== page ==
Aerosmith, Jewel, Metallica to play 30th anni concert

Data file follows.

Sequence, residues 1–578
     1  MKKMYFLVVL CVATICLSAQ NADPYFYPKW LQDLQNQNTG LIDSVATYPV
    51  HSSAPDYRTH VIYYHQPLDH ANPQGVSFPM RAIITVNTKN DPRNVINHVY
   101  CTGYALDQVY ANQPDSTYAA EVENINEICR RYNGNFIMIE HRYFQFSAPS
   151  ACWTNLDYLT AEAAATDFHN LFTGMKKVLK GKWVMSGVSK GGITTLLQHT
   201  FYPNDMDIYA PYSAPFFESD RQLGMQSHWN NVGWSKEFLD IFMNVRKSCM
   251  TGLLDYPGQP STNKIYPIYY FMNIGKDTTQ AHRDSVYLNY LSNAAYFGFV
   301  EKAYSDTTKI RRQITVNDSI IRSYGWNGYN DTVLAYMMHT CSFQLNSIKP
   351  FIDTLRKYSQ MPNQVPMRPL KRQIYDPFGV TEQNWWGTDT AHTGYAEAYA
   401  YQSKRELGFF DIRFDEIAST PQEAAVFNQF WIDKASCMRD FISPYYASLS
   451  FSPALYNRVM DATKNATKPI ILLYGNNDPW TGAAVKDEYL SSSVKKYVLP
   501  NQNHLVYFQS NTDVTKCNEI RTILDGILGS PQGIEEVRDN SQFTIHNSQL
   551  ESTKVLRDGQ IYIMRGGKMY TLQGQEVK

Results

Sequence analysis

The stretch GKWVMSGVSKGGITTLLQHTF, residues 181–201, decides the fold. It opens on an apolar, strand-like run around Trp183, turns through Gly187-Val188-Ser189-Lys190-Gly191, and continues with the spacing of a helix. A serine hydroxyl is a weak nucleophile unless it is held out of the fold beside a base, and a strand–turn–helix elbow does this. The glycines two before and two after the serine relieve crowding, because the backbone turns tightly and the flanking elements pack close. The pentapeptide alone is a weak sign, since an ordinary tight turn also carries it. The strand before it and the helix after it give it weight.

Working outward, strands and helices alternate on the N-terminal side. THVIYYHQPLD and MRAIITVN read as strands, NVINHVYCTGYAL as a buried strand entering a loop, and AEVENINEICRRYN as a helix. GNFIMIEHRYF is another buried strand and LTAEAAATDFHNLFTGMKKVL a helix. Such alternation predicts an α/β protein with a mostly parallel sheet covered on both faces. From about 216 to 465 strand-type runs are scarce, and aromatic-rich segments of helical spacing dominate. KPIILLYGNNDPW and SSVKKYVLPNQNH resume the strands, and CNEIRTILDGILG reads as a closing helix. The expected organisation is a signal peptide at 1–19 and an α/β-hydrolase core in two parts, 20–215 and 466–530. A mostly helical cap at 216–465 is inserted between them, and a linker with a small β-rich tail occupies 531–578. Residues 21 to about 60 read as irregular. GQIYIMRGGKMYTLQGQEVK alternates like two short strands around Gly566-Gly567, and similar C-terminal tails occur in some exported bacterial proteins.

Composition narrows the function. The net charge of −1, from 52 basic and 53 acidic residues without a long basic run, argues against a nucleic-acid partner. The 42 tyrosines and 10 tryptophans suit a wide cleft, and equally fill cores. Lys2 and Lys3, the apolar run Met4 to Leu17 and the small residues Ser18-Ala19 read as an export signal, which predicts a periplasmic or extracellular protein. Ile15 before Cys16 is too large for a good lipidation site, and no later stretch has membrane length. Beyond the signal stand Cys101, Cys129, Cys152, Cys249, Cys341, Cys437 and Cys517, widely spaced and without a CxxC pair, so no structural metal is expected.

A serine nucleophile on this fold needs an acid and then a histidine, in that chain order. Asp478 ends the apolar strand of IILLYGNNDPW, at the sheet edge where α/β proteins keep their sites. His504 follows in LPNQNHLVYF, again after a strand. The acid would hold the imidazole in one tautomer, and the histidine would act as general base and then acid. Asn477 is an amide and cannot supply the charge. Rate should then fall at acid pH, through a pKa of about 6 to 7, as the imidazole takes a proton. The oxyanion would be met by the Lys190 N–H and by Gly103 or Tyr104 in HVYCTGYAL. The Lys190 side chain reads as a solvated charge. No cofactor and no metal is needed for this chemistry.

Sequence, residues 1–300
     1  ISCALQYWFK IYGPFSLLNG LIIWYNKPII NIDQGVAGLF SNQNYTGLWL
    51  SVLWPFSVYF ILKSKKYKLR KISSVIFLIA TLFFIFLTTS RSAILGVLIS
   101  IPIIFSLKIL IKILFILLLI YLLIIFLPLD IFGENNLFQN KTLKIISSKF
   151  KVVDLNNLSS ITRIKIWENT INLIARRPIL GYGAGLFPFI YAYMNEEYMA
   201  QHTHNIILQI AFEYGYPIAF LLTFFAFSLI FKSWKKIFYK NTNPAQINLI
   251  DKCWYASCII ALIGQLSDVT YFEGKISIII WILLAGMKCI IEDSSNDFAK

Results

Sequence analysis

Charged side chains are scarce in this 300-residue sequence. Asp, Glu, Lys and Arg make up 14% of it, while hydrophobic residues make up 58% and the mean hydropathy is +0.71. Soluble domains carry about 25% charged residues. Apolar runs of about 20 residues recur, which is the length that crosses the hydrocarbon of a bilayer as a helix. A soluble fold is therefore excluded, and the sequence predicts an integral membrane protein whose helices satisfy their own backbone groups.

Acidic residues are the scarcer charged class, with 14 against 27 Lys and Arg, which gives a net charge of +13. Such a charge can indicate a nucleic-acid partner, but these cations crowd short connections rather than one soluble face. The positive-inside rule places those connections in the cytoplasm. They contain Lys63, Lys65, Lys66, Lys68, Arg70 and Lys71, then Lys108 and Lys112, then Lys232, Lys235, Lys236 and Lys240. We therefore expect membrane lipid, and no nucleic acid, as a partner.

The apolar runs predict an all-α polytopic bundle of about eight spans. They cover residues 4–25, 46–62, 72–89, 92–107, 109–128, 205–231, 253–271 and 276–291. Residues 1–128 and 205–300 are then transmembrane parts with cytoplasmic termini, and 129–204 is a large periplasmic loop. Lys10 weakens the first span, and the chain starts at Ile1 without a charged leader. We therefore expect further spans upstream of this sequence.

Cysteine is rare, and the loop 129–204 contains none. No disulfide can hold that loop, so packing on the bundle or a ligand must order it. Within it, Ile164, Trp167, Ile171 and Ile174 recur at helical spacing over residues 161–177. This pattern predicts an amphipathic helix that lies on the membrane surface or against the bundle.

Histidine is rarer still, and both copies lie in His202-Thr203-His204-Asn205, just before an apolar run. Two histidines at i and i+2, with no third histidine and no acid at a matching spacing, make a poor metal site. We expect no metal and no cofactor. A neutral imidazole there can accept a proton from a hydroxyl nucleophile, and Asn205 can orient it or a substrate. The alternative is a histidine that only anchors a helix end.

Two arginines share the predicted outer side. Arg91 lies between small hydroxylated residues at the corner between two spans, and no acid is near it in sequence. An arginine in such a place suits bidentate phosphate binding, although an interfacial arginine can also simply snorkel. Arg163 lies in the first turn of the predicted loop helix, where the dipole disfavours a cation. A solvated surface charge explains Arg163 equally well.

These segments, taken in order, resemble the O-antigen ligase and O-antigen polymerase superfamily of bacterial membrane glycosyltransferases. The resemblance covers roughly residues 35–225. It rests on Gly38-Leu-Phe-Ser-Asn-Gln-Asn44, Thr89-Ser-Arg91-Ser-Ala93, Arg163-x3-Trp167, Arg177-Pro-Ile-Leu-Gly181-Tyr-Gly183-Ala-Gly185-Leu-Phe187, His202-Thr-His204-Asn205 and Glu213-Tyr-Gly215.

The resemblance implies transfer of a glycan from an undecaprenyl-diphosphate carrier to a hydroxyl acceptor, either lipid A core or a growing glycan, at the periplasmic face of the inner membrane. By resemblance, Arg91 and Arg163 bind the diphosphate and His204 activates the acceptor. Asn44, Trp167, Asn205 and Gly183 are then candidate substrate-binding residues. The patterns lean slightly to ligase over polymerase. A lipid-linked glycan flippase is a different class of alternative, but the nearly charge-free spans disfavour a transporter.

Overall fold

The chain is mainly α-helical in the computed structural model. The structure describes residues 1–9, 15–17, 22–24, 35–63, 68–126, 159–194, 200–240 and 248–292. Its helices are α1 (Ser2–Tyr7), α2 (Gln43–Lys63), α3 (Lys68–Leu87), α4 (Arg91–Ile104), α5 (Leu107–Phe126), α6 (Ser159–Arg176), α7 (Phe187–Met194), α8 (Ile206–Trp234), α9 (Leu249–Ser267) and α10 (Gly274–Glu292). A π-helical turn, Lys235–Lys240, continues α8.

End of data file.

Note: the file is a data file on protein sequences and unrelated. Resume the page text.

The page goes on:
Aerosmith, Korn, Jewel, Alanis Morissette and the Dave Matthews Band are among the performers lined up to play Woodstock ’99, the 30th anniversary celebration of the famed concert.Promoters for the three-day event, set for July 23-25, hope to attract more than 250,000 fans to Grifiss Park, the 3,600 acre site of a former Air Force base in Rome, N.Y. More than 30 acts have been tapped to perform on the main stages with perfs programmed simultaneously in order to maintain fan interest. Collective Soul, Metallica, Sheryl Crow, Fatboy Slim and the Offspring, among others, also have signed up to perform. More acts will soon be announced, planners said. “We believe we can fix the problems of the ’94 event while creating the event of a lifetime,” John Scher, prexy of Gotham-based Metropolitan Entertainment Group, told Daily Variety. MEG, along with concert vets Ossie Killkenny and Michael Lang (the latter one of the promoters of both the ’94 and the original Woodstock), will produce the concert. “Every generation deserves its own Woodstock,” Scher said. The event again will spawn an album and homevideo (the ’94 event versions both sold well), while a pay-per-view TV special is also planned. Deals on these fronts have yet to be signed. Scher said he hopes that the event will pull in people from all over the world “to celebrate the spirit of the original concert in 1969 as well as celebrate the spirit and the music of the moment.” The festival is expected to contribute more than $30 million to the local economy and organizers said the event will be better organized than the 1994 fest, which marked the 25th anniversary of the original Woodstock. The ’94 version was plagued by mismanagement and inclement weather. Organizers said the ticketing and admission procedures will be better handled than at the ’94 effort, when thousands of gate crashers gained access and some concertgoers feared for their safety. “This is being held on an Air Force base where millions of dollars of military equipment was once stored,” said Scher. “Security will not be a problem.” To ensure a smoothly running fest, Scher has tapped the expertise of several large-scale and international organizers, with particular emphasis on security, planning, staging and management. More than 2,800 security personnel will man the event alongside 900 Woodstock staffers who will offer guidance to festival-goers. The ’99 location will boast on- and off-site parking, and 240 acres set aside for overnight camping in addition to the usual concessions and thousands of portable toilets. Air and land ticket packages will go on sale beginning next week, and festival marketers have linked with Northwest Airlines to offer special fares. Individual ducats will cost $150.
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